♪♫ Your shoes were made for walkin’ and that’s just what they’ll do♩♪

either by you or those in need!

Author: Amanda JeffersonCloset Clothing General Wardrobe Management

How to Get Dressed (Hint: Wear the Same Thing(s) ALL THE TIME)

KonMari Method

I’m a professional organizer with a minimalist streak, so my clients often ask me: “Do you wear the same thing every day?”

The answer is …. Sort of.

I don’t necessarily wear the EXACT SAME THING EVERY DAY, but yes, I have about 4-5 outfits that I wear ALL THE TIME.

Why do I do that?

We make 35,000 decisions a day. That drains us.

As a business owner, mom and CFO and COO (and housekeeper and launderer …) of our household, I’ve got A LOT TO DO. So the last thing I want to waste my energy on is figuring out what the heck to wear.

So, my general formula is:

  • I wear mostly black, dark blue, white and gray.
  • I usually wear black leggings with a tunic-style shirt. (My fave leggings are here: Athleta – pricey but worth it – and Old Navy – inexpensive, so you can buy several).
  • I try to buy higher quality items so that they last longer and wash better.
  • I choose things can be dressed up or dressed down.
  • I wear things that are comfortable.
  • I have to feel amazing in it. (Like, you-might-run-into-your-celebrity-crush great)
  • Oh, and NO ironing!

And that’s about it. There’s no magic formula. There’s no exact number of items. There are no rules.

Ok, so now you may be thinking. Sounds great, Amanda. All puppies and butterflies. But how the heck do I get to that point??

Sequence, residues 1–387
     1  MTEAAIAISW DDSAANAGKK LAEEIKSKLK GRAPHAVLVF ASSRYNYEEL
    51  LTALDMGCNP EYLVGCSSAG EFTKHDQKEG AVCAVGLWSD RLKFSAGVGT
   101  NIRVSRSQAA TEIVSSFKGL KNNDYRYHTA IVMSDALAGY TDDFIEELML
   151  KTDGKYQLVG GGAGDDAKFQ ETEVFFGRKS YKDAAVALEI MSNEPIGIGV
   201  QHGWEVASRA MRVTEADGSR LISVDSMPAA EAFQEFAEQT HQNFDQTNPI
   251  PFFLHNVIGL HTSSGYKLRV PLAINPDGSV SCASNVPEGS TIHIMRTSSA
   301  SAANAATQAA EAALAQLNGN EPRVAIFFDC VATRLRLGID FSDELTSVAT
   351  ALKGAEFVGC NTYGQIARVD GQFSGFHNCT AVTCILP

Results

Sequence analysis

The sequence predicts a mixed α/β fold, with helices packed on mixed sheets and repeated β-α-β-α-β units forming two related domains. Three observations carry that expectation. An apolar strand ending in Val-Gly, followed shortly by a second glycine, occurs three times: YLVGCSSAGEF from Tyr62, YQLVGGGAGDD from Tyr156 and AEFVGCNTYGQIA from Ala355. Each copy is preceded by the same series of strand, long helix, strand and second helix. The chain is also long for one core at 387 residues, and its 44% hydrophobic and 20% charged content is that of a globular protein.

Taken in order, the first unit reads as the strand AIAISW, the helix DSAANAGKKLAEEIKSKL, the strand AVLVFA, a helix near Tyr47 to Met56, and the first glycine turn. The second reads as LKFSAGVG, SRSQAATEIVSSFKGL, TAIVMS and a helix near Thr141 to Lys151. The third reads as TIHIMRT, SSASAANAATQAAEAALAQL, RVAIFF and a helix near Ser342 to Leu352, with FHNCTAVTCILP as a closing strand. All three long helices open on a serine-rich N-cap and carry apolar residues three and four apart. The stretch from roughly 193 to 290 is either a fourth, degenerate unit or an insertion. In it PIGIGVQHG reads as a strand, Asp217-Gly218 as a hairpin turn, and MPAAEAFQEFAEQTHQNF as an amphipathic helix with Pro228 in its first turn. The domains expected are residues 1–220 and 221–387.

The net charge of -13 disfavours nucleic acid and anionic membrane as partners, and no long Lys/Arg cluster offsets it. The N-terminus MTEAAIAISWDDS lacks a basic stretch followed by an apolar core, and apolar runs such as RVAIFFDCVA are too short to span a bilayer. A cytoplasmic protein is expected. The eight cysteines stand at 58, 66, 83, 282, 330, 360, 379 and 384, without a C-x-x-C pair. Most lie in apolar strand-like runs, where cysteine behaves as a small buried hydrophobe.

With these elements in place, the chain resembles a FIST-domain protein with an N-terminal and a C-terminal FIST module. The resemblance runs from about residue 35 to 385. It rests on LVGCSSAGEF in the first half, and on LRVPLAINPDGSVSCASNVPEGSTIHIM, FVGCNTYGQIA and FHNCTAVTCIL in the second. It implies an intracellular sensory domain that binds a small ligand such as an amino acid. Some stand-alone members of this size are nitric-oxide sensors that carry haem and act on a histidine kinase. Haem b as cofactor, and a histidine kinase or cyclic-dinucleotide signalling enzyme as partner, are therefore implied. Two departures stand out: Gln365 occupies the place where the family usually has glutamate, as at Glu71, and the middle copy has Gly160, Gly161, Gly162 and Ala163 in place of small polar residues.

Here’s a few things to try:

Pare it down

  • Kondo It – The KonMari MethodTM provides a great path for making sure EVERYTHING in your closet “sparks joy”. You can get this done in less than 5 hours, with a patient friend or a professional organizer like me. Check out my step-by-step blog post here.
  • Edit often – Sometimes I’ll catch a non-joy-sparking offender in my closet and ask myself “How the heck did you survive in here this long?” Toss it in a basket in your closet, and when the basket is full, donate it.
  • Keep a shopping list – I use Wunderlist to keep a running list of things I need. I do NOT wander aimlessly through the mall. Right now, I need a black camisole and black crew socks. That’s it.

The Bottom Line

When you are at a stage in life where you’ve just got TOO MUCH TO DO, then DO LESSChannel your inner Steve Jobs (black tee and jeans!), make one less decision, and kick your morning off right.

Author: Martha SpittalClothing Clutter General Home Organizing Productivity Wardrobe Management

80/20 Your 2018